Do your ADHD symptoms get worse if you eat gluten? It might be to do with Coeliac disease

If you feel unfocused and foggy-brained with bloating and gut discomfort after eating wheat or gluten, there may be a connection with ADHD.

It is now known that a higher-than-average number of people with ADHD also have an autoimmune condition called Coeliac disease, which is a gut malabsorption problem linked to the consumption of wheat and gluten. It doesn’t necessarily mean that one causes the other, but they are often found to coexist alongside each other and may be linked.

Coeliac disease is often in the picture when a person has the inattentive or combined subtype of ADHD, where the person is more likely to be a distracted daydreamer with poor executive function rather than hyperactive. This lack of focus may be because Coeliac disease directly influences our ability to absorb certain nutrients efficiently and, ultimately, affects brain function.

So, if this sounds like you, it is critical to ask your GP for a Coeliac blood test called Tissue Transglutaminase. The NatureDoc clinical team can screen further for more in-depth autoimmune reactions to wheat, gluten and grains as well as test for nutrient deficiencies and imbalances in the gut.

This blog explores why ADHD and Coeliac disease often coexist, why it is important to heal the gut and which nutrient deficiencies you might need to bolster. When your body and brain are better nourished, you should then start to feel more focused, less distracted, and on a more even keel.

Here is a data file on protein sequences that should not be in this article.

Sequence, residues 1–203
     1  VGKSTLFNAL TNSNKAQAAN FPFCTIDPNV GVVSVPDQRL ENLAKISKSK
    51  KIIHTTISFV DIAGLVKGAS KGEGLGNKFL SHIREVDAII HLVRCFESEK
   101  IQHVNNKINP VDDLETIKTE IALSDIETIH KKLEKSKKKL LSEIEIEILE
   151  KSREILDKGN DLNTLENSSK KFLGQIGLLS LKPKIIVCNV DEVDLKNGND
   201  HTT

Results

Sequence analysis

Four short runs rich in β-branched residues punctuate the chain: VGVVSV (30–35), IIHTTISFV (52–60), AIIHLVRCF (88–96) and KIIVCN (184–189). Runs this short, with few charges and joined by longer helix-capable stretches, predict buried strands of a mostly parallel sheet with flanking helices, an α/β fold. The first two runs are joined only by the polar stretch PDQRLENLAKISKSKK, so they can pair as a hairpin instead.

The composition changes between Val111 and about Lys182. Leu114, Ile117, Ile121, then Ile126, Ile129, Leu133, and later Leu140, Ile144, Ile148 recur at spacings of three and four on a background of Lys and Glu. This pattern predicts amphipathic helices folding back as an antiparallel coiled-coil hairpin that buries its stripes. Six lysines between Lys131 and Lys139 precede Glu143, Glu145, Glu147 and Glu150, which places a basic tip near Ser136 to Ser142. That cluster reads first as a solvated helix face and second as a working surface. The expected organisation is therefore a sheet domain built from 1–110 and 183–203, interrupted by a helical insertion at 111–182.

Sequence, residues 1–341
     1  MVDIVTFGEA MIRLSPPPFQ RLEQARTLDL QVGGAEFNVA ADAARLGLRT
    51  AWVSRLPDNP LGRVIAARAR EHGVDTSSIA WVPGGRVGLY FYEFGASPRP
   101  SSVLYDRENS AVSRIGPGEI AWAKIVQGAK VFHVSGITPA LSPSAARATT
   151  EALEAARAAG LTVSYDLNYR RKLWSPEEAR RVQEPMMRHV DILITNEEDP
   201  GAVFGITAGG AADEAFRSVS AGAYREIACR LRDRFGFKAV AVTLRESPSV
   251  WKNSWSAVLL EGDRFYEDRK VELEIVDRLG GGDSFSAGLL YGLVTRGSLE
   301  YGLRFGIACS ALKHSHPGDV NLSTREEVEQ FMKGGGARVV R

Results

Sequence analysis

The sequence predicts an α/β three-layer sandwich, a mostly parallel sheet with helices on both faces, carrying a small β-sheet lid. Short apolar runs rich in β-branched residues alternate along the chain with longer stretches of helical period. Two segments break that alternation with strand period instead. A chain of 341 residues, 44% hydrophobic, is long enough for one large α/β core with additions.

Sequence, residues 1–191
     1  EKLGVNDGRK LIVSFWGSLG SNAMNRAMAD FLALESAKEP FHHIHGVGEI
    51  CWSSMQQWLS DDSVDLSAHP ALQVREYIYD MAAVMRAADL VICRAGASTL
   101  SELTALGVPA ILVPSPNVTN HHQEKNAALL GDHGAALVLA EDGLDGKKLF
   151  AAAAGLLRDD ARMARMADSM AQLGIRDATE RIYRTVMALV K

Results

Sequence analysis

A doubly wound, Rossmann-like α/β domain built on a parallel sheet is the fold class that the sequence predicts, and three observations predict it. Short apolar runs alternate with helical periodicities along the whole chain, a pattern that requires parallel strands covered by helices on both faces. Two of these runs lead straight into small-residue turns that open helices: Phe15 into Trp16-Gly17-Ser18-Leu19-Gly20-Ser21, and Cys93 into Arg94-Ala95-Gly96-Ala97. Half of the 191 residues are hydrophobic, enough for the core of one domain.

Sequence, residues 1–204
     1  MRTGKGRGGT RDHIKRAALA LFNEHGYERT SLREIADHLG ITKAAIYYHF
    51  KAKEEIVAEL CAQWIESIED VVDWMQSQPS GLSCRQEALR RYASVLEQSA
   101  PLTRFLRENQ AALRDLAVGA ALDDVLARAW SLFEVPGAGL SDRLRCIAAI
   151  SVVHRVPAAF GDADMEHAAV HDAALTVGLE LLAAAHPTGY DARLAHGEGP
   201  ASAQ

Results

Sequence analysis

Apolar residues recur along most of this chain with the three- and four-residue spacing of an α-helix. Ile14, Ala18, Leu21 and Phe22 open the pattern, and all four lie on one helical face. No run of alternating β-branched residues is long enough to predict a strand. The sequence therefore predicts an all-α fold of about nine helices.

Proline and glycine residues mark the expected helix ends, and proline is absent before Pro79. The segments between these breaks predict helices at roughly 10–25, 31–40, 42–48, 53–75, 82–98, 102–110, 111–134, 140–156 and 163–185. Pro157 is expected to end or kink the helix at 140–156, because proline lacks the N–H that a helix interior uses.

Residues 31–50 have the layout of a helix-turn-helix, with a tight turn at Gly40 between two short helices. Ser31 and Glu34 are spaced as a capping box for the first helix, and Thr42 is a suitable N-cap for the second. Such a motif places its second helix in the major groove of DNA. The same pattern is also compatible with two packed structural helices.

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What are the symptoms of Coeliac disease?

If you have Coeliac disease, you will most likely experience abdominal pains and bloating as well as frequent vomiting and diarrhoea, but this is not always the case.

With Coeliac disease, you are likely to be very slim (but again not always), pale, tired and irritable due to the malabsorption of nutrients including iron, vitamin B12, folate, vitamin D, zinc and magnesium.

You might have thinning tooth enamel and experience regular mouth ulcers. You may be at higher risk for osteopenia and osteoporosis which lead to bone thinning and higher risk of bone fracture.

You may experience numbness and tingling in your hands and feet called peripheral neuropathy.

Occasionally a chronic skin condition develops called Dermatitis herpetiformis which is Coeliac disease of the skin. It is a pustule type rash with intense itching and burning sensations which usually affect the knees, elbows, scalp, the back of the neck and the buttocks.

Teenagers may have delayed puberty. Women with untreated Coeliac disease often experience unexplained subfertility and repeated miscarriages.

Both children and adults with Coeliac disease may also display neurological changes called gluten ataxia which affects co-ordination such as balance and walking and gait instability, as well as slurred speech or jumpy vision.

What is Coeliac disease?